GAINESVILLE, Fla. – With an additional $200,000 grant from the Walmart Foundation, scientists from the University of Florida and North Carolina A&T University are expanding grower engagement in organic strawberry research.
While the focus of the 2013-2014 work was broad and exploratory, a key component of this year’s research will be to test the best aspects of the organic strawberry production system under farm conditions and with grower management.
Growers at three farms in North Central Florida are assessing two cover crops and three commercial strawberry cultivars that performed well in last year’s Phase I trials. Grower evaluations of the Phase I research resulted in suggestions that researchers assess cover crop combinations as well as a cover crop that could produce a marketable product.
In Phase II, scientists will evaluate the on-station and on-farm research for seasonal variability in market yield, nutrient-use efficiency, consumer acceptance and response to postharvest handling and storage.
Strawberries will be a part of a five-year, $10 million grant to grow better fruit crops
GAINESVILLE, Fla. — The United State Department of Agriculture awarded a team of scientists from 14 universities, including the University of Florida, the first of a $10-million, five-year grant to improve half a dozen fruit crops.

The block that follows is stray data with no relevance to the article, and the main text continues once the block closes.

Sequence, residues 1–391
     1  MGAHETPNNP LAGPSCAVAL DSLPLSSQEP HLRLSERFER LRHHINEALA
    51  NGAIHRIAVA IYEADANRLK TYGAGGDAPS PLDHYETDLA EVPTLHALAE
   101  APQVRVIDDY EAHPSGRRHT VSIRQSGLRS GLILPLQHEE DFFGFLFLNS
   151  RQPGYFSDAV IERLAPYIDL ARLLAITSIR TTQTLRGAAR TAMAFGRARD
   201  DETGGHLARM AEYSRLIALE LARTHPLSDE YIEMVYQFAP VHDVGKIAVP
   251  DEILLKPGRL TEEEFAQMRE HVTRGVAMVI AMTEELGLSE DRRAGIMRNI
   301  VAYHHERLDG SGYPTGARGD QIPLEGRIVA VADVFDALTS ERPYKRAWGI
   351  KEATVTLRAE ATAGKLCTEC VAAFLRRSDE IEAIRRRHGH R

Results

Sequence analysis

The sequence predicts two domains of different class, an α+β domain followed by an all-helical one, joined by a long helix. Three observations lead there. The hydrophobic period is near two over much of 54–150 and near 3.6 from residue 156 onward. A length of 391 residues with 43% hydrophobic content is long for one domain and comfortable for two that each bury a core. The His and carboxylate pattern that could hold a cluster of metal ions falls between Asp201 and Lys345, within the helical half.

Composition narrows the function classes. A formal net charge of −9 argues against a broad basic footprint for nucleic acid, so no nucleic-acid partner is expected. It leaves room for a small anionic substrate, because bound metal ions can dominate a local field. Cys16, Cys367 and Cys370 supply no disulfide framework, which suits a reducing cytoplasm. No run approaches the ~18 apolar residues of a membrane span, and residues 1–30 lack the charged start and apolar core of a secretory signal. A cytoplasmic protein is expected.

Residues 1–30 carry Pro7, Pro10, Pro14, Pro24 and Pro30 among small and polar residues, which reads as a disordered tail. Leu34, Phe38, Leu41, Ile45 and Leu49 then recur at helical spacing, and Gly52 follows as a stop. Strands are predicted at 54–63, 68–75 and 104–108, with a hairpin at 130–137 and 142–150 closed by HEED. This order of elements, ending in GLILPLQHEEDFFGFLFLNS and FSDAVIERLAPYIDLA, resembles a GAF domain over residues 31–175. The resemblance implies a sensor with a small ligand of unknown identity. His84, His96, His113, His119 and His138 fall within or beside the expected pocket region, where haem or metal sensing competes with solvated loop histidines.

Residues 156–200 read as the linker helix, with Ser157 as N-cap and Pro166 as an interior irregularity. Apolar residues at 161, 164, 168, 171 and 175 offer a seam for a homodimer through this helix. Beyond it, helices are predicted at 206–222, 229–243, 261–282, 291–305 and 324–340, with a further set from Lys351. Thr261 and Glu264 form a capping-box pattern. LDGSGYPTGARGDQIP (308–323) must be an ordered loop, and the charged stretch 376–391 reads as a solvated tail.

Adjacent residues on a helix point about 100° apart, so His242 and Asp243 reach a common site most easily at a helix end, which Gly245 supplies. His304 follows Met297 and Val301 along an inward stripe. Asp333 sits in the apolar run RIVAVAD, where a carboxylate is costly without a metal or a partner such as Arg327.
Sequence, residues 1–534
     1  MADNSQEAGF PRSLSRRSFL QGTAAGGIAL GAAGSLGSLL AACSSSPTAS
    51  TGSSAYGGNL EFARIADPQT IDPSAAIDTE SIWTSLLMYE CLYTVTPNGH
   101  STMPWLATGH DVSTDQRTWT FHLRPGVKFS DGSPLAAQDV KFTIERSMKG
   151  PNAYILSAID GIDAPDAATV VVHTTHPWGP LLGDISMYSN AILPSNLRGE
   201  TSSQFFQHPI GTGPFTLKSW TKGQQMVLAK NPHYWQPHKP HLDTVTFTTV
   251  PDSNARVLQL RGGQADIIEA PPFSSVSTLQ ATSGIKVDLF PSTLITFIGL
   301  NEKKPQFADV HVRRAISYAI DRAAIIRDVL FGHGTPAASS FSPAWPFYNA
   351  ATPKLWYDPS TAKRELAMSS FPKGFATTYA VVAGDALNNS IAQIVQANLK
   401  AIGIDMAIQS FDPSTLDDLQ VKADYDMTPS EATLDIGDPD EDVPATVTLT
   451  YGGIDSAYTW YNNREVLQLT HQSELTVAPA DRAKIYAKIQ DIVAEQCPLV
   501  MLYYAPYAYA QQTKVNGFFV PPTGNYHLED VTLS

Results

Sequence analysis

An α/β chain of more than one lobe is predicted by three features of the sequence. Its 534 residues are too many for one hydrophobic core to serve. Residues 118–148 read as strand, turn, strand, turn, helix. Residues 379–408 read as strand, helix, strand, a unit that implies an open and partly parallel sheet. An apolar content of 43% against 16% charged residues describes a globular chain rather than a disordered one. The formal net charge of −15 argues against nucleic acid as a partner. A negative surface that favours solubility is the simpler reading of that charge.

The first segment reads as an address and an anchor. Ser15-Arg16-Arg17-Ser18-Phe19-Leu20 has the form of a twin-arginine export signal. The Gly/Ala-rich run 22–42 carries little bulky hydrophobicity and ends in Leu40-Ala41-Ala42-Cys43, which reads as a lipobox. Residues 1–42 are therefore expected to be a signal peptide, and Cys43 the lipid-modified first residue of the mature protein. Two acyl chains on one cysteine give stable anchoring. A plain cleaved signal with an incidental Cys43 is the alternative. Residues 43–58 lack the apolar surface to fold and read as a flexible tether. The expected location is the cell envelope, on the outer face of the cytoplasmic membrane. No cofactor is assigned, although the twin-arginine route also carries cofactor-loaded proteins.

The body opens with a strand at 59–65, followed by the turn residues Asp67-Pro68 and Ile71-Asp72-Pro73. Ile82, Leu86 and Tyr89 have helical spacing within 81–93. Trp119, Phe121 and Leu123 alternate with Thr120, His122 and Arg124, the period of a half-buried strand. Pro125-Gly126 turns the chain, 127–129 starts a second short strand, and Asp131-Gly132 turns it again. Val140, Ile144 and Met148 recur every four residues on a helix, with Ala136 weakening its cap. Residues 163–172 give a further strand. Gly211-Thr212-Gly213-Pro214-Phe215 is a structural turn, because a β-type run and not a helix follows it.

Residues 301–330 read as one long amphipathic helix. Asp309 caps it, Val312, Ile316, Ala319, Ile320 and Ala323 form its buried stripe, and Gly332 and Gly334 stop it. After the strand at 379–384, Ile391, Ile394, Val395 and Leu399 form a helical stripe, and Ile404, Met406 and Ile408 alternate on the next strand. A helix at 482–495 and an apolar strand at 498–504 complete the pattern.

The award is from the National Institute of Food and Agriculture’s Specialty Crop Research Initiative and involves two projects. (more …)
See cutline below
GAINESVILLE, Fla. — A consortium of scientists and researchers, led by the University of Florida, has received the prestigious National Institute of Food and Agriculture’s Partnership Award for Multistate Efforts.
The Southeast Climate Extension project is comprised of 19 researchers from half a dozen universities. They engage agricultural producers and help them implement management strategies to protect crops from weather extremes. In addition, they conduct research aimed at reducing climate and weather risks in agriculture and natural resources in Florida, and cooperate with similar programs through the Southeast Climate Consortium. (more …)
GAINESVILLE, Fla. — The University of Florida is partnering with the Florida Department of Agriculture and Consumer Services and the United States Department of Agriculture on two dozen projects to strengthen markets for specialty crops in the state. (more …)
GAINESVILLE, Fla. – A strawberry monitoring web system that will soon expand to South Carolina is one of many reasons a University of Florida faculty member has won the Lee M. Hutchins Award from the American Phytopathological Society (APS).
The Hutchins award goes to the author or authors of significant published research on basic or applied aspects of diseases of perennial fruit plants, according to the society’s website.
“APS is probably the most prestigious society worldwide in our field of plant pathology, so I am very honored with the nomination and the award,” said Natalia Peres, an associate professor of plant pathology at the Gulf Coast Research and Education Center in Balm.